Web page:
Monday, January 28, 2019

I Just Knew She Would Outlive Me....Now What?

We put our cat down this week.  She was 23 years old.  It wasn’t a surprise.

Funny thing, she, for 95% of her life, defied the definition of ‘pet’ as no one could pet her.  For twenty plus years she was just this thing that lived under my bed and came out occasionally for food or to scratch someone.  She always looked like a kitten which always gave me the idea that she would outlive me, if for no other reason, then merely out of spite.

She was relatively unlikable for a long time.

But late in life something changed in her.  Perhaps it was age, perhaps it was the fact that she had outlived all of her other pet friends, perhaps it was one last dig at me, getting me to care about her before she shed her mortal coil.  Somewhere in the last year or so, she became a cat.  A somewhat pleasant creature who even ~ gasp~ let one of my daughters pet her in the last month or so.

Last Thursday we sat the girls down letting them know that we would be taking Phoebe to the vet the next morning and that they should spend the evening saying ‘goodbye’.  Macy, my animal whisperer, lost it completely.  It was no surprise.  Avery, my eldest also had a meltdown.  My youngest, Darby, ever the opportunist immediately asked for a new 'replacement' kitten.

Let’s get the body in the ground before we have that discussion, Darbs, but nice try.

My wife was able to keep herself together until the big day, as was I, but when the time came, we both became the same brand of puddles that our kids were 12 hours earlier.

Our reactions surprised me, but I was surprised for different reasons for each of us.  For my wife, it was surprising seeing her melt down considering she grew up on a ranch.  The rancher’s life requires that you often see things you’ve named appear on the dinner table.  It offers a bit of detachment from situations like this from a young age. For one reason or another, her immunity didn't work this time.

I was also surprised that I was bothered to the degree that I was.  I literally had a hate-hate relationship with the animal for half of my life and most of hers.  I have, in the past, tried to get my wife to get rid of it.  I have kicked it off the bed tens of thousands of times.  Simply put, she has been my nemesis since I was in my late twenties. So why was I upset?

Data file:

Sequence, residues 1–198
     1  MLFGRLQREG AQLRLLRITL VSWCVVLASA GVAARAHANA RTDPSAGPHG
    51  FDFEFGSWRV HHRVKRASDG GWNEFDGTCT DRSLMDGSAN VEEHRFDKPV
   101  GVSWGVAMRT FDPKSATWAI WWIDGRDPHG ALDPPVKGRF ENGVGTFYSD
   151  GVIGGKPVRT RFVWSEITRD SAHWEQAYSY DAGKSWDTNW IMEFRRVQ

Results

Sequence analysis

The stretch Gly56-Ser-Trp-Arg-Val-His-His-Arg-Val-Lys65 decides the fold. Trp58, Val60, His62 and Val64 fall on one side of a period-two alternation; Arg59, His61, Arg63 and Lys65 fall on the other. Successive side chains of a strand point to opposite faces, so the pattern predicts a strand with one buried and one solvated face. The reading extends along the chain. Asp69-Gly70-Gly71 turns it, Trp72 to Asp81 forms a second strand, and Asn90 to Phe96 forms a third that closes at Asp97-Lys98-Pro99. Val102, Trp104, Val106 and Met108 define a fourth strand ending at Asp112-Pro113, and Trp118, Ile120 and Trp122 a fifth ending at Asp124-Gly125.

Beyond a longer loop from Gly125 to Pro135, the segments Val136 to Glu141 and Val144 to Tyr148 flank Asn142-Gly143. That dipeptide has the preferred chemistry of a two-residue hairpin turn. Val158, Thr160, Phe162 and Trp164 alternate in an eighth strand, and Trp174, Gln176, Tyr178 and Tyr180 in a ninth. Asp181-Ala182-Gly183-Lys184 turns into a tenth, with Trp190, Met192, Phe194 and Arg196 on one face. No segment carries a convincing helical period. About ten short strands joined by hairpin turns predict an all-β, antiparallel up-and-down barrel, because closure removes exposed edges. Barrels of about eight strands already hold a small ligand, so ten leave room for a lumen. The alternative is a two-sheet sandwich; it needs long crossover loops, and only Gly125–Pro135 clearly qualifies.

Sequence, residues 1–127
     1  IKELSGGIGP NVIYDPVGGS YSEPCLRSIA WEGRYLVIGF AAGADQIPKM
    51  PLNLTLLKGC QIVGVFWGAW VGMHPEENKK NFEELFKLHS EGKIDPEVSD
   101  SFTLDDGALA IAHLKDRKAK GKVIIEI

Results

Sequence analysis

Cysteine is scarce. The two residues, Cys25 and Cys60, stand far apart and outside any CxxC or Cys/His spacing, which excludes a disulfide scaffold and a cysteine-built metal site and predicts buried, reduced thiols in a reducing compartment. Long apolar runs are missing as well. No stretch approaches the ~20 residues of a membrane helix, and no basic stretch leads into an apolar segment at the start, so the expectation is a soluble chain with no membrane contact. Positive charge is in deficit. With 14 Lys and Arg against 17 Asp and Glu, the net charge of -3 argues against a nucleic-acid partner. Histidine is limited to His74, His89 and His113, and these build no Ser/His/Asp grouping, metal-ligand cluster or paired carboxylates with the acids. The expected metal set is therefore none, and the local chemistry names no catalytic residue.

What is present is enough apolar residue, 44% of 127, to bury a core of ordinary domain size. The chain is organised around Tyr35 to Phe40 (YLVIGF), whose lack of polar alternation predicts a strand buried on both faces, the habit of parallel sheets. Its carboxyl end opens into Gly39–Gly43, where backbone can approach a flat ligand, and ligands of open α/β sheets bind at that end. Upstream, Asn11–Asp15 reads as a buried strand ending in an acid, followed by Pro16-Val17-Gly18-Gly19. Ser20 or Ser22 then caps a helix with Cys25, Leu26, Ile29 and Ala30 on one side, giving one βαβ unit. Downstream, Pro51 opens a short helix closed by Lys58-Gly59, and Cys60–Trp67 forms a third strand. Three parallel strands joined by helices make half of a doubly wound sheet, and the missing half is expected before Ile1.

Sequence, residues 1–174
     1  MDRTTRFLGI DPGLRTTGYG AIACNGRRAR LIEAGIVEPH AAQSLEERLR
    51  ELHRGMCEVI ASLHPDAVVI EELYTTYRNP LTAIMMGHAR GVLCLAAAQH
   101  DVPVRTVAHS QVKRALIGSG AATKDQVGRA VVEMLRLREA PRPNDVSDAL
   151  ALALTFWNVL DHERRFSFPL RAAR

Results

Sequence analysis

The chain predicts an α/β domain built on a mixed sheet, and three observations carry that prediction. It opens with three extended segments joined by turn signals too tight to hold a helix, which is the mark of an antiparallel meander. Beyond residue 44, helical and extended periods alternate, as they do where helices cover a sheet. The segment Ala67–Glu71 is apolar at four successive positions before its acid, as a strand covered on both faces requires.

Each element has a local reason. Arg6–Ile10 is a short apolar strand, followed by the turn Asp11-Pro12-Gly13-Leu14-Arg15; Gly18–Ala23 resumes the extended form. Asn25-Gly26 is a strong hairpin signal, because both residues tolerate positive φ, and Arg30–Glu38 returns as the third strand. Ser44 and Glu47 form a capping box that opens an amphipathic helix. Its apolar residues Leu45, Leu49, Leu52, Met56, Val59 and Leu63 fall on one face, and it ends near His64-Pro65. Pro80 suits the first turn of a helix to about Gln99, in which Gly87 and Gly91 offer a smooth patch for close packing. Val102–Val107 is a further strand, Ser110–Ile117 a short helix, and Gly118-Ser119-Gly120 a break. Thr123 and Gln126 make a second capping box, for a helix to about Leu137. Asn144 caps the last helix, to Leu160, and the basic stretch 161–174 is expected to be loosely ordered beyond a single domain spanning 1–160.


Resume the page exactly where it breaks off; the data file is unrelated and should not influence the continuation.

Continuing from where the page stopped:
I guess that’s the lesson here, little ladies.  I was affected for a variety of reasons.  The first is familiarity.  The little demon lived under my roof since we owned the roof.  I’ve thrown her off the bed ten times a night for the last fifteen years.  I was used to her.  But more importantly, it’s the weight of having to tell you guys, the weight of being there with mommy.  It’s seeing how it affects you three and your mother. I don’t want to see any of you hurting.  Sort of my dad job is to keep you safe and to see you that upset gives me a “I’m failing at dad jobs” sort of feeling.  One last thing it could be.  Perhaps we all need an nemesis.  A being that proves that you are good by the very nature of their existence.  I know I'm good because I'm hated by something evil.  Not entirely sure about that last one, but I'll take it.

Here’s the other thing though, ladies.  It’s important to learn the lessons that the death of a pet teaches.  You had it once with “The Claw” the hermit crab, but this one cuts a little deeper.   I can tell you this; there is no substitute for experience when it comes to loss.  It sucks, it sucks a lot, but down the road, you’ll be a little better for it.

Phoebe knew you loved her and deep down, super deep down, Mariana Trench deep, she appreciated it.

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